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[whatwg] clear naming for WHAT work

From: James Graham <jg307@cam.ac.uk>
Date: Tue, 17 Aug 2004 16:22:23 +0100
Message-ID: <3D3EC767-F061-11D8-B5D6-000A95A16EDA@cam.ac.uk>

On 17 Aug 2004, at 15:19, Jim Ley wrote:

> On Tue, 17 Aug 2004 13:59:03 +0000 (UTC), Ian Hickson <ian at hixie.ch> 
> wrote:
>> I don't understand why extending HTML would be any different than
>> extending XHTML. In the UAs, they are internally considered the same
>> anyway, so you can't really extend one without extending the other.
>
> Of course you can, internals of existing browsers are pretty
> irrelevant to future specifications

Unless you want those specifications implemented in the near future.

> , and browsers such as Mozilla
> already do completely different things in respect to XHTML and HTML
> (mozilla's xhtml is too useless to be used with its lack of
> incremental rendering, yet its HTML rendering is pretty good.)  Of
> course this is at a different part to the eventual rendering code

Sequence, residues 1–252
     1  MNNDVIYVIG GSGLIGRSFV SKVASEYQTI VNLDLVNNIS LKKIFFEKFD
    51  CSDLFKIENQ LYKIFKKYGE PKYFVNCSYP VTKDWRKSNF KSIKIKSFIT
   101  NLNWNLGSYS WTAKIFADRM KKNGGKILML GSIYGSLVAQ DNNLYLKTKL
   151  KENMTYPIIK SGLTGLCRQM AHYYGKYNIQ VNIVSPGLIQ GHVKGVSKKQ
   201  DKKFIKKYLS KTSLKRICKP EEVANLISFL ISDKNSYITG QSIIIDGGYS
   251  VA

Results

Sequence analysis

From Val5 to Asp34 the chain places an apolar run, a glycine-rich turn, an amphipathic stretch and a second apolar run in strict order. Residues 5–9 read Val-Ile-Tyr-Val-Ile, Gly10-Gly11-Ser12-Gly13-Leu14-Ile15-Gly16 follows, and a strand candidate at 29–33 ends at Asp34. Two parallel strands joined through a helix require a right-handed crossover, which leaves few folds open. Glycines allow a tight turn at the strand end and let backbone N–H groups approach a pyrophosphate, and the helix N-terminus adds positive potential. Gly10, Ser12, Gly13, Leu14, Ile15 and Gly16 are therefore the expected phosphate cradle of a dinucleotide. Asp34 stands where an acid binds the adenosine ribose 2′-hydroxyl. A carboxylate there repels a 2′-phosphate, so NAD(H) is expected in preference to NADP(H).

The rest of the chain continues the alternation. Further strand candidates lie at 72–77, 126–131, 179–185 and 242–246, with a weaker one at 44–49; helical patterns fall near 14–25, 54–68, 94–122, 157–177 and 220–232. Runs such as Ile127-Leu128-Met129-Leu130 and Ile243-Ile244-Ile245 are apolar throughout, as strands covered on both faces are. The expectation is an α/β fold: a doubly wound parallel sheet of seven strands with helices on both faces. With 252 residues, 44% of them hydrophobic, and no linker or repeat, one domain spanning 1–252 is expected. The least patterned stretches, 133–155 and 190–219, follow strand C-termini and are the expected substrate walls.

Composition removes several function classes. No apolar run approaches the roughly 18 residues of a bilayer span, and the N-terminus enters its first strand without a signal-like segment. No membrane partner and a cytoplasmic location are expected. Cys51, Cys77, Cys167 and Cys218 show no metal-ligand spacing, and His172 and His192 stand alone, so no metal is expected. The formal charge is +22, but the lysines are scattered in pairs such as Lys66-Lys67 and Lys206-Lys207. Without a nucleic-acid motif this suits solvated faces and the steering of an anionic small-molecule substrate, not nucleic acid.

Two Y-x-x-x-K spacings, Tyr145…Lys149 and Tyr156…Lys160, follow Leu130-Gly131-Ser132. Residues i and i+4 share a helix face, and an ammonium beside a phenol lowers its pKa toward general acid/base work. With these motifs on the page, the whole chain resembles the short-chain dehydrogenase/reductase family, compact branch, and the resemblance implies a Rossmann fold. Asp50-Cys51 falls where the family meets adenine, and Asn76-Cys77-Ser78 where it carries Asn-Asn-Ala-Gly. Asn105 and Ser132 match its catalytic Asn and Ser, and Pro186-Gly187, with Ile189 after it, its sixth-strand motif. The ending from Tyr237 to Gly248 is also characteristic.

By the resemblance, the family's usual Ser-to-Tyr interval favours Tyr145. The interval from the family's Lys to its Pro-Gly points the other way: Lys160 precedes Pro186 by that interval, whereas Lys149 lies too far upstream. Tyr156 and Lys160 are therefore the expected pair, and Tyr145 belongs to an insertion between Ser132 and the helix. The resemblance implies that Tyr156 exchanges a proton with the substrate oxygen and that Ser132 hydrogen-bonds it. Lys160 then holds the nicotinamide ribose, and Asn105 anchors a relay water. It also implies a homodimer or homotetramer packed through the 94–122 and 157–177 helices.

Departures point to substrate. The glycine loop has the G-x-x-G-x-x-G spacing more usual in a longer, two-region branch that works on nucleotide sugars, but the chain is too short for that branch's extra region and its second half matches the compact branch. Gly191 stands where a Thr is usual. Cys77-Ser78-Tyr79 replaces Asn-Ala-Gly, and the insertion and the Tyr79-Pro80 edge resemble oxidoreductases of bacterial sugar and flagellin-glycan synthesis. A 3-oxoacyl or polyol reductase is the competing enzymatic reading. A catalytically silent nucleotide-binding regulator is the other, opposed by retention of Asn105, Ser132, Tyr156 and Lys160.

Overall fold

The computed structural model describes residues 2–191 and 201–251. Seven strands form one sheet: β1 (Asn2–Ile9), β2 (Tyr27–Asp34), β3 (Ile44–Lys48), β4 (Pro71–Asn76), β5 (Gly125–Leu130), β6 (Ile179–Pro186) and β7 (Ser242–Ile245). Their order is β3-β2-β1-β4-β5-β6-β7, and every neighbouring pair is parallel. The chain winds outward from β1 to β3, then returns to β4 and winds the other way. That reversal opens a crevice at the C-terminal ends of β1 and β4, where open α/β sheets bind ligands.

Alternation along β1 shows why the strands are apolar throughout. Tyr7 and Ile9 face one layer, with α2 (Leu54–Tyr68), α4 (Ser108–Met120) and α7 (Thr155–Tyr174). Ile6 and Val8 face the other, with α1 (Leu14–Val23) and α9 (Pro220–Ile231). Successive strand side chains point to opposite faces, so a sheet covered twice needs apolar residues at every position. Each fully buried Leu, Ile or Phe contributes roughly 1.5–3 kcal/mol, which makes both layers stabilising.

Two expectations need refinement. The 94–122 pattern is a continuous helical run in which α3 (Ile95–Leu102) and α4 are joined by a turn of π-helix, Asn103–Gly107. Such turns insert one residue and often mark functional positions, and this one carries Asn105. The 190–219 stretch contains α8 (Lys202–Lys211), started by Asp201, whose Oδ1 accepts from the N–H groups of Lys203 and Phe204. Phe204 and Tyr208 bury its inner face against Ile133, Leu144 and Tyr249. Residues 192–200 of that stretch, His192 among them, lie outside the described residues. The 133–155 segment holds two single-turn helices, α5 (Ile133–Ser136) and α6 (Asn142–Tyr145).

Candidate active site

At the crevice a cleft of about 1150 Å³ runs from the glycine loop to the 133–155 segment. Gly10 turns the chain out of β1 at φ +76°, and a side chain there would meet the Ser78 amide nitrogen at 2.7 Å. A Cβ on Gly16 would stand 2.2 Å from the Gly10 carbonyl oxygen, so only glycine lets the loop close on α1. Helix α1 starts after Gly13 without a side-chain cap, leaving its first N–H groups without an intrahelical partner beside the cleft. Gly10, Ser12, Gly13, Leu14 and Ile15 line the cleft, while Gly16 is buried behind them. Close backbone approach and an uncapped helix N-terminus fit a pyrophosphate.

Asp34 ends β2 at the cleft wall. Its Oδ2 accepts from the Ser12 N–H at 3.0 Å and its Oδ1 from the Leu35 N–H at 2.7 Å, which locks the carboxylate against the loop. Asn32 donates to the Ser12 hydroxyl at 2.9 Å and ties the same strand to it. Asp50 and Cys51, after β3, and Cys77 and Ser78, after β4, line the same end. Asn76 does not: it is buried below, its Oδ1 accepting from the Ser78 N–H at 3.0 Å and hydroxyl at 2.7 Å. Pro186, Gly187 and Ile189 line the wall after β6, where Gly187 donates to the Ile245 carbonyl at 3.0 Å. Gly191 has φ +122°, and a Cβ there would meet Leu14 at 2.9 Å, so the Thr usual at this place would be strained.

> which might be shared, but it shows how easy it is to have seperate
> behaviour for different mark-up languages I think.

FWIW, I believe (but I could be wrong) that Mozilla (and Safari) don't 
implement incremental rendering for XML documents because of 
limitations with the integration of the XML parser; it returns a single 
blob of data whereas the custom HTML parsers can return more of the 
tree as it is created (this is, I'm sure, a massive simplification).
Since parsing is independent of rendering and the parser is the one 
part of a UA that is really *required* to be different for XHTML and 
HTML documents, using that as an example doesn't support the assertion 
that it is easy to have different rendering behavior for XHTML and HTML 
without major changes to existing browsers. (there is also the side 
issue of UI problems with incremental rendering of XML documents - 
having a document apparently render and then later die with a parsing 
error as more data is received is a horrible idea)
Received on Tuesday, 17 August 2004 08:22:23 UTC

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